Adverse Childhood Experiences and Mental Health, Chronic Medical Conditions, and Development in Young Children

Bonnie D. Kerker, Jinjin Zhang, Erum Nadeem, Ruth E. K. Stein, Michael S. Hurlburt, Amy Heneghan, John Landsverk, Sarah McCue Horwitz

Research output: Contribution to journalArticle

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Abstract

Objective To determine the relationships between adverse childhood experiences (ACEs) and mental health, chronic medical conditions, and social development among young children in the child welfare system. Methods This cross-sectional study used a nationally representative sample of children investigated by child welfare (National Survey of Child and Adolescent Well-Being II) from 2008 to 2009. Our analysis included caregiver interviews and caseworker reports about children aged 18 to 71 months who were not in out-of-home care (n = 912). We examined the associations between ACEs and mental health (measured by the Child Behavior Checklist [CBCL]), reported chronic medical conditions, and social development (measured by the Vineland Socialization Scale) in bivariate and multivariate analyses. Results Nearly all children (98.1%) were reported to have had an ACE in their lifetime; the average number of ACEs was 3.6. For every additional reported ACE, there was a 32% increased odds of having a problem score on the CBCL (odds ratio [OR] 1.32, 95% confidence interval [CI] 1.14, 1.53) and a 21% increased odds of having a chronic medical condition (OR 1.21, 95% CI 1.05, 1.40). Among children aged 36 to 71 months, for every additional reported ACE, there was a 77% increased odds of a low Vineland Socialization score (OR 1.77, 95% CI 1.12, 2.78). Conclusions ACEs were associated with poor early childhood mental health and chronic medical conditions, and, among children aged 3 to 5, social development. Efforts are needed to examine whether providing early intervention to families with multiple stressors mitigates the impact of ACEs on children's outcomes.

Original languageEnglish (US)
Article number719
Pages (from-to)510-517
Number of pages8
JournalAcademic Pediatrics
Volume15
Issue number5
DOIs
StatePublished - Sep 1 2015

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Mental Health
Child Welfare
Socialization
Social Conditions
Odds Ratio
Child Behavior
Confidence Intervals
Checklist
Home Care Services
Caregivers
Multivariate Analysis
Cross-Sectional Studies
Interviews

Keywords

  • ACE
  • adverse childhood experience
  • child welfare
  • mental health

ASJC Scopus subject areas

  • Pediatrics, Perinatology, and Child Health

Cite this

Kerker, B. D., Zhang, J., Nadeem, E., Stein, R. E. K., Hurlburt, M. S., Heneghan, A., ... McCue Horwitz, S. (2015). Adverse Childhood Experiences and Mental Health, Chronic Medical Conditions, and Development in Young Children. Academic Pediatrics, 15(5), 510-517. [719]. https://doi.org/10.1016/j.acap.2015.05.005

Adverse Childhood Experiences and Mental Health, Chronic Medical Conditions, and Development in Young Children. / Kerker, Bonnie D.; Zhang, Jinjin; Nadeem, Erum; Stein, Ruth E. K.; Hurlburt, Michael S.; Heneghan, Amy; Landsverk, John; McCue Horwitz, Sarah.

In: Academic Pediatrics, Vol. 15, No. 5, 719, 01.09.2015, p. 510-517.

Research output: Contribution to journalArticle

Kerker, BD, Zhang, J, Nadeem, E, Stein, REK, Hurlburt, MS, Heneghan, A, Landsverk, J & McCue Horwitz, S 2015, 'Adverse Childhood Experiences and Mental Health, Chronic Medical Conditions, and Development in Young Children', Academic Pediatrics, vol. 15, no. 5, 719, pp. 510-517. https://doi.org/10.1016/j.acap.2015.05.005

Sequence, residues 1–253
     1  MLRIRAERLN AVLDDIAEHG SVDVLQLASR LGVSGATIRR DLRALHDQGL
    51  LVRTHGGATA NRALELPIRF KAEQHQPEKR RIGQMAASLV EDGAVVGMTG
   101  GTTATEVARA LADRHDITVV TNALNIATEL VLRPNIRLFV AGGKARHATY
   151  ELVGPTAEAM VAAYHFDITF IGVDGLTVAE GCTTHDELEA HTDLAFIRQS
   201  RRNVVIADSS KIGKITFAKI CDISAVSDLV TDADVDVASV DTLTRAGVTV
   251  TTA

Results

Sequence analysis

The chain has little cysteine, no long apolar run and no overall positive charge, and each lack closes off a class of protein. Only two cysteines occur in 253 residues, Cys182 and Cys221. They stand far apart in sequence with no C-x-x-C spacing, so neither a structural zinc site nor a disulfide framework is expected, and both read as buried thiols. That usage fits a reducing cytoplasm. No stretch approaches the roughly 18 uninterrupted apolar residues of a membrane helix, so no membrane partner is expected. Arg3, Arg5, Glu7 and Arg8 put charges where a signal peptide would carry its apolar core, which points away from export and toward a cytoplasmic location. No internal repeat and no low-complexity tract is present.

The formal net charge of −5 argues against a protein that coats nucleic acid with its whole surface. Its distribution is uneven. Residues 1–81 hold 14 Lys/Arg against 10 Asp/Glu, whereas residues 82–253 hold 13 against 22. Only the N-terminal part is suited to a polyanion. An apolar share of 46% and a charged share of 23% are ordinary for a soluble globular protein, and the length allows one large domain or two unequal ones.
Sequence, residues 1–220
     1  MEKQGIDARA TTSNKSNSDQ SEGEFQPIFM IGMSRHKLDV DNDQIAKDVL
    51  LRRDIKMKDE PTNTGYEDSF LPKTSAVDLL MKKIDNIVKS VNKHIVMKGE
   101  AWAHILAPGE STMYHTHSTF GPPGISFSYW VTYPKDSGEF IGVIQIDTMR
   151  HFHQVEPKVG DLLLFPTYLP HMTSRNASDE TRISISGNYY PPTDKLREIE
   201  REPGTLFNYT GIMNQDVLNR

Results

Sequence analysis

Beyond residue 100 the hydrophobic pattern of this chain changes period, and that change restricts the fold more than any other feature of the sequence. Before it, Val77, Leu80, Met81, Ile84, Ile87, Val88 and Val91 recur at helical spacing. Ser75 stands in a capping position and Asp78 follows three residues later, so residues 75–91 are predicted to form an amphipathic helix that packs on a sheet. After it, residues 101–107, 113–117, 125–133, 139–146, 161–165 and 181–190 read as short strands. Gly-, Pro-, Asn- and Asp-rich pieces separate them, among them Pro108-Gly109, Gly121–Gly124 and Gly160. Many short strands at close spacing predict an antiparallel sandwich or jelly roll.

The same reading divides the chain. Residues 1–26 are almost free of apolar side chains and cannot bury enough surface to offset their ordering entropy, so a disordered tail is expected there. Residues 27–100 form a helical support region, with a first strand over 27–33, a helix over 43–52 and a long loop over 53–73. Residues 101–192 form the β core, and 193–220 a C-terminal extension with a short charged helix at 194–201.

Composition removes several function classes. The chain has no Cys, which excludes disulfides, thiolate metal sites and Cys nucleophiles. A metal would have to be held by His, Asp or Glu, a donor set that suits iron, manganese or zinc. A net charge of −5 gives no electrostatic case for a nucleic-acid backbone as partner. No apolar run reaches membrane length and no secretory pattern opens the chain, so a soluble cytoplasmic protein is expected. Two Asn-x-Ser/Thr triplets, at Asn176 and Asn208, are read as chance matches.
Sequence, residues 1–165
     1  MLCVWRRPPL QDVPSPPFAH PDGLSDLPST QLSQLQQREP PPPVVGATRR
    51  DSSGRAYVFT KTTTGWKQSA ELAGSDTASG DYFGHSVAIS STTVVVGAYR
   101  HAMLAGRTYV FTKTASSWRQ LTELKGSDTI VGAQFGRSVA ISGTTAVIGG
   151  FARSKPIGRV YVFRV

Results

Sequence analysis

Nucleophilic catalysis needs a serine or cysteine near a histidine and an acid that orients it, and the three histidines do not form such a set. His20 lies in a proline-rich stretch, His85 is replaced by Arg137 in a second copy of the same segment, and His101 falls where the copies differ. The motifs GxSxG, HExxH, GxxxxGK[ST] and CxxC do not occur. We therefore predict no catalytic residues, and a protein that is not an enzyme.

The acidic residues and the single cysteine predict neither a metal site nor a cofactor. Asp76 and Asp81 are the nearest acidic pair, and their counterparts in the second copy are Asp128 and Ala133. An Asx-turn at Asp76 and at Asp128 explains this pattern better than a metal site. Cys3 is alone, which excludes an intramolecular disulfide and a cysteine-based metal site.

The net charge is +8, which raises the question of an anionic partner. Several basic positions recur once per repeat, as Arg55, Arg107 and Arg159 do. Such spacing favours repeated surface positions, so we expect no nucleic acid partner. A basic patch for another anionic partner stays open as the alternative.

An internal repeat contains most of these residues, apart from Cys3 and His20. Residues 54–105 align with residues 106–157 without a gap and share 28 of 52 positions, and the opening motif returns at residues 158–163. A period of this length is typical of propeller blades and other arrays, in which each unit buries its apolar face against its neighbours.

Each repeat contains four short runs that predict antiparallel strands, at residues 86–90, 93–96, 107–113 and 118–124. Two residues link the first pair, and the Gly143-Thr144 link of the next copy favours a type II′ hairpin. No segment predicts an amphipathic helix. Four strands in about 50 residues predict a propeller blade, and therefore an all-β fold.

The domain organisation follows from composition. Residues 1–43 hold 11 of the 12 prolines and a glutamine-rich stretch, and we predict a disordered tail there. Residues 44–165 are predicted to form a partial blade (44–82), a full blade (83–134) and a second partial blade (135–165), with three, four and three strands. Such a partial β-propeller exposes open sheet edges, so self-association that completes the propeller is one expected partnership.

Kerker, Bonnie D. ; Zhang, Jinjin ; Nadeem, Erum ; Stein, Ruth E. K. ; Hurlburt, Michael S. ; Heneghan, Amy ; Landsverk, John ; McCue Horwitz, Sarah. / Adverse Childhood Experiences and Mental Health, Chronic Medical Conditions, and Development in Young Children. In: Academic Pediatrics. 2015 ; Vol. 15, No. 5. pp. 510-517.
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abstract = "Objective To determine the relationships between adverse childhood experiences (ACEs) and mental health, chronic medical conditions, and social development among young children in the child welfare system. Methods This cross-sectional study used a nationally representative sample of children investigated by child welfare (National Survey of Child and Adolescent Well-Being II) from 2008 to 2009. Our analysis included caregiver interviews and caseworker reports about children aged 18 to 71 months who were not in out-of-home care (n = 912). We examined the associations between ACEs and mental health (measured by the Child Behavior Checklist [CBCL]), reported chronic medical conditions, and social development (measured by the Vineland Socialization Scale) in bivariate and multivariate analyses. Results Nearly all children (98.1{\%}) were reported to have had an ACE in their lifetime; the average number of ACEs was 3.6. For every additional reported ACE, there was a 32{\%} increased odds of having a problem score on the CBCL (odds ratio [OR] 1.32, 95{\%} confidence interval [CI] 1.14, 1.53) and a 21{\%} increased odds of having a chronic medical condition (OR 1.21, 95{\%} CI 1.05, 1.40). Among children aged 36 to 71 months, for every additional reported ACE, there was a 77{\%} increased odds of a low Vineland Socialization score (OR 1.77, 95{\%} CI 1.12, 2.78). Conclusions ACEs were associated with poor early childhood mental health and chronic medical conditions, and, among children aged 3 to 5, social development. Efforts are needed to examine whether providing early intervention to families with multiple stressors mitigates the impact of ACEs on children's outcomes.",
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